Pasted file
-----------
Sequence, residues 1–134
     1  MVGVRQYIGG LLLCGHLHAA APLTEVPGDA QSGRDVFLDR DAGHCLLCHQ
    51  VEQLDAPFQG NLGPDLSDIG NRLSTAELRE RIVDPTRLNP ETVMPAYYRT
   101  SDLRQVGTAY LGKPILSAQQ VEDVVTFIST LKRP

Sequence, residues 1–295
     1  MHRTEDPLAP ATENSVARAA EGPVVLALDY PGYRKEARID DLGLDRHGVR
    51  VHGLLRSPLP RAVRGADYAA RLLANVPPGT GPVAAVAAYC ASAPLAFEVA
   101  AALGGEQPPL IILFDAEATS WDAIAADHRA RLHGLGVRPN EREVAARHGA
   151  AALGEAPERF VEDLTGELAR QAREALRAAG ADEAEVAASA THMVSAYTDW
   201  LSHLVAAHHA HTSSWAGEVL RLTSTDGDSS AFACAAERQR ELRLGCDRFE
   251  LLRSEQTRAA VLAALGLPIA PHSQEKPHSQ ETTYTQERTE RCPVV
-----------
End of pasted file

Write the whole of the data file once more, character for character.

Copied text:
Sequence, residues 1–134
     1  MVGVRQYIGG LLLCGHLHAA APLTEVPGDA QSGRDVFLDR DAGHCLLCHQ
    51  VEQLDAPFQG NLGPDLSDIG NRLSTAELRE RIVDPTRLNP ETVMPAYYRT
   101  SDLRQVGTAY LGKPILSAQQ VEDVVTFIST LKRP

Sequence, residues 1–295
     1  MHRTEDPLAP ATENSVARAA EGPVVLALDY PGYRKEARID DLGLDRHGVR
    51  VHGLLRSPLP RAVRGADYAA RLLANVPPGT GPVAAVAAYC ASAPLAFEVA
   101  AALGGEQPPL IILFDAEATS WDAIAADHRA RLHGLGVRPN EREVAARHGA
   151  AALGEAPERF VEDLTGELAR QAREALRAAG ADEAEVAASA THMVSAYTDW
   201  LSHLVAAHHA HTSSWAGEVL RLTSTDGDSS AFACAAERQR ELRLGCDRFE
   251  LLRSEQTRAA VLAALGLPIA PHSQEKPHSQ ETTYTQERTE RCPVV